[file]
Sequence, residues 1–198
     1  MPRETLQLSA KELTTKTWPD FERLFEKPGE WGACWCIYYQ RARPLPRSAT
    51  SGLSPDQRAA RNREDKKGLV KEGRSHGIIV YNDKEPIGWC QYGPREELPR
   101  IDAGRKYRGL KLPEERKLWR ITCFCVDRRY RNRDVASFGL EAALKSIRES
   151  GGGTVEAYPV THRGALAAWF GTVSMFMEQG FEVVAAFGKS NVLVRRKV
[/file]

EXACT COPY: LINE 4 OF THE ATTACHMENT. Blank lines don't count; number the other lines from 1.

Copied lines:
   101  IDAGRKYRGL KLPEERKLWR ITCFCVDRRY RNRDVASFGL EAALKSIRES